Todd might not have been able to top the success he achieved for his work in the Candyman trilogy, but he gained a new generation of fans with his small but recurring role as William Bludworth in the Final Destination movie series. Bludworth is a mortician who is the owner of Bludworth Funeral Homes. Besides preparing the bodies of the young people who die in the movie for cremation or burial, Bludworth provides some cold and cutting observations about death such as this one listed in IMDB Quotes:
You have to realize is that we’re just a mouse that a cat has by the tail, every single move we make from the mundane to the monumental, the red light that we stop at or run, the people we have sex with or want with us, the airplanes that we ride or walk out of, it’s all part of death’s sadistic design. Leading to the grave.
He may not have much screen time in the Final Destination movies, but Bludworth is a popular character because he keeps viewers guessing if there is something more to his character than being a mortician. Could he be Death? Todd addresses some of these theories in his interview with ReBecca Theodore-Vachon:
I think that’s too much of an easy choice, I mean how can you be death incarnate when you’re only in the movie for five minutes? Actually someone came up to me and said maybe Bludworth had cheated death himself. I’ve never personally accepted he was the angel of death, or the emissary of death. Just a very unpopular guy.
At 63, Todd continues to perform in movies. According to his IMDB filmography, he has starred in five new films that were either completed or in post-production in 2018. Two of these movies are horror films. Todd plays ex-slave Jericho Whitfield in a fantasy horror Western called West of Hell, and he plays a character called The Farmer Asa in a movie about a secret prison called Death House. The release date for West of Hell has not been announced yet, but Death House will be coming soon to theaters on February 23.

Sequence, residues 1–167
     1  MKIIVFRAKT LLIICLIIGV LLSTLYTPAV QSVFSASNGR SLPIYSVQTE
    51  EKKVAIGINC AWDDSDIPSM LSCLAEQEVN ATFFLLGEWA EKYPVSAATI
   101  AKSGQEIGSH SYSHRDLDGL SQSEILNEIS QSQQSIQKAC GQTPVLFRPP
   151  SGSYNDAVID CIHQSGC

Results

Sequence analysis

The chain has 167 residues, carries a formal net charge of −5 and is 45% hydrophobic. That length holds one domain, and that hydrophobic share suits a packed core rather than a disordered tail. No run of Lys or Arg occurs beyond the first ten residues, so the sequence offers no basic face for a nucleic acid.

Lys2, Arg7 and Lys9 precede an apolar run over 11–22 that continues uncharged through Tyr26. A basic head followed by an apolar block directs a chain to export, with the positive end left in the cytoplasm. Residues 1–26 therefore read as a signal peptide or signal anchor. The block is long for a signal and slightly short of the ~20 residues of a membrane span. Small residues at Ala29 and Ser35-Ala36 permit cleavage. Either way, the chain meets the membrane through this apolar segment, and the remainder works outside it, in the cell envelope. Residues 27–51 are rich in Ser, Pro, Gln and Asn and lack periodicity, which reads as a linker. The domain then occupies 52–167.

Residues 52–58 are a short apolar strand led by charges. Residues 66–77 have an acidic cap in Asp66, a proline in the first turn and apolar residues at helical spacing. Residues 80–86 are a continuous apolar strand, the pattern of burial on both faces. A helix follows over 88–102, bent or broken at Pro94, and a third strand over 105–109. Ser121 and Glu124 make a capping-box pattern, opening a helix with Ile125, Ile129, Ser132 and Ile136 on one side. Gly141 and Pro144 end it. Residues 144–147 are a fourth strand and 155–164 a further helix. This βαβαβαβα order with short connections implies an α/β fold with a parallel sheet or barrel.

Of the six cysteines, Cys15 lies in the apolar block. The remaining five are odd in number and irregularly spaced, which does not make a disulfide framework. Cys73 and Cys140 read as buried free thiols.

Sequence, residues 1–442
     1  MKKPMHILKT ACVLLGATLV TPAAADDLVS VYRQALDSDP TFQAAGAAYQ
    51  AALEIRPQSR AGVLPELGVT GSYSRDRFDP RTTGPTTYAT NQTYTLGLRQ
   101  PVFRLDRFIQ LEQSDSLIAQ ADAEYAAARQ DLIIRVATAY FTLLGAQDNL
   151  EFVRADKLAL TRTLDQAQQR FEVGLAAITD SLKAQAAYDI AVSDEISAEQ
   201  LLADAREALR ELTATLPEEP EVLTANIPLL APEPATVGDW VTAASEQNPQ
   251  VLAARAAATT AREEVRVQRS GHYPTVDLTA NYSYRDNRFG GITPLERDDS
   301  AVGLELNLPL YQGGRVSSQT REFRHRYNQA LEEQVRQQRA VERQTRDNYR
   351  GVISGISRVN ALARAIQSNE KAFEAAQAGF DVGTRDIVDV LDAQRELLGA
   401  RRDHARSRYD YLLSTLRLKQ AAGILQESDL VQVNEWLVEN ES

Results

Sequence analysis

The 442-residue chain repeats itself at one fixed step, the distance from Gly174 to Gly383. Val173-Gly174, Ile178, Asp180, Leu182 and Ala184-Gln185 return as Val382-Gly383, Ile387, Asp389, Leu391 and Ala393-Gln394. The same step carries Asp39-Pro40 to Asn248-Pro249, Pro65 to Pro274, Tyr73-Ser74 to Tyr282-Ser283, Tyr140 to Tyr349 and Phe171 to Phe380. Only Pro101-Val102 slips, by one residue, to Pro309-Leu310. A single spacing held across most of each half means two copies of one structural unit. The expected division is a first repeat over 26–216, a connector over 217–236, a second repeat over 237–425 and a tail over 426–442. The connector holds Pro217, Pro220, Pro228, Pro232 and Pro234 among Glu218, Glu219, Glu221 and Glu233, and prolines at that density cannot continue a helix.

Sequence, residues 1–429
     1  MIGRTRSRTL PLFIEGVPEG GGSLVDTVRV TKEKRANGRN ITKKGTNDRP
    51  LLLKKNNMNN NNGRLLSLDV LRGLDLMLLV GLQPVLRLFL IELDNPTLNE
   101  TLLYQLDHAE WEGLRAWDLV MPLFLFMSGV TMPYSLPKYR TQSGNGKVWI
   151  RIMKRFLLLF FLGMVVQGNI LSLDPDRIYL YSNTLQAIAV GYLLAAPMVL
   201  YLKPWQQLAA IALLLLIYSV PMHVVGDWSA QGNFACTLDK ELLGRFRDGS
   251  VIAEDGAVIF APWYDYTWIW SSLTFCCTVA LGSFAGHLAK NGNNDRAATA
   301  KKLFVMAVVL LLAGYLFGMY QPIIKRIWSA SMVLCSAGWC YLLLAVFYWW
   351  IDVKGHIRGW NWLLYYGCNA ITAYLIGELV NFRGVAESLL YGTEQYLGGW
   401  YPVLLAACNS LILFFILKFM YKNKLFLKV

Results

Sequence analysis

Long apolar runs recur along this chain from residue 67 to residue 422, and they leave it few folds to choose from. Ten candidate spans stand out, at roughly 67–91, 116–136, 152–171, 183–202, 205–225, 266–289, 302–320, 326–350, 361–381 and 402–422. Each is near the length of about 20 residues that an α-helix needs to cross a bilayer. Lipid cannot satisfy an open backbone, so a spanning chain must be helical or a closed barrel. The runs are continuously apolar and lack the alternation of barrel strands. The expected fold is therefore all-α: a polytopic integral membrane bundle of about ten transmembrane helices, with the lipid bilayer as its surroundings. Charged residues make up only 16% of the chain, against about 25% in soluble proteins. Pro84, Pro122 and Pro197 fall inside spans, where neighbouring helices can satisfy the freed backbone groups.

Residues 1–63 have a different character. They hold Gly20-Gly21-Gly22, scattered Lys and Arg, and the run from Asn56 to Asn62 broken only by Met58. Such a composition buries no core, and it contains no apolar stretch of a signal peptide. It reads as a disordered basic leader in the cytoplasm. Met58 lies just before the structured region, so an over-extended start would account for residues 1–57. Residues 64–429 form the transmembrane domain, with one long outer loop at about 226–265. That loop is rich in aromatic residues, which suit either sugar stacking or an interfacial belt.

In a 2017 interview with Alex Dueben, Todd mentioned that he is “working on a couple of scripts.” He notes that the “powers that be want me to do a horror project,” but he plans on making his “film directing debut” with a “buddy project called Providence that focuses on a white character who adopts a black lifestyle and similarly a black character who explores another side of life.”
At the East Coast Comicon 2017 convention, Todd revealed in a Comics, Beer & Sci-fi interview with The Q that he is doing voiceover work for a WB project that will be released in 2018. He could not disclose more details about the project, but he said that “it is in the DC universe.” He also speculated that “I’m sure I will be back on Flash at some point.”
Todd may have 197 film credits to his name, but he has not expressed any interest in retiring from acting anytime soon. While he considers the attention that he continues to receive for Candyman as “the most flattering thing” in his interview with Patrick Cooper, he wants to be remembered for something more than the role that made him famous:
Someone asked me once how I felt that Candyman was going to be the opening line of my obituary? And I know it’ll definitely be up there, but I’m doing everything I can to ensure there are other points of discussion.